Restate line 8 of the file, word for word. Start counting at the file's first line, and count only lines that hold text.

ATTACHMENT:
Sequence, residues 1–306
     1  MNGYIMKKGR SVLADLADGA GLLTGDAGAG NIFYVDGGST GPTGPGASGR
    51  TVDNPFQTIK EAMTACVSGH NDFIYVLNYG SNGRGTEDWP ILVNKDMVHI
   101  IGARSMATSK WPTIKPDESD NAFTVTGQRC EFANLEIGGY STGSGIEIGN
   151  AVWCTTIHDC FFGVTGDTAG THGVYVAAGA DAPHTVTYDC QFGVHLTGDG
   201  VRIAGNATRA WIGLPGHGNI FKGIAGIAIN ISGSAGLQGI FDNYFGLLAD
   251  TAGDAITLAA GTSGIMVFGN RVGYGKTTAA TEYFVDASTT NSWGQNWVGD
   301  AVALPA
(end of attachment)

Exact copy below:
   301  AVALPA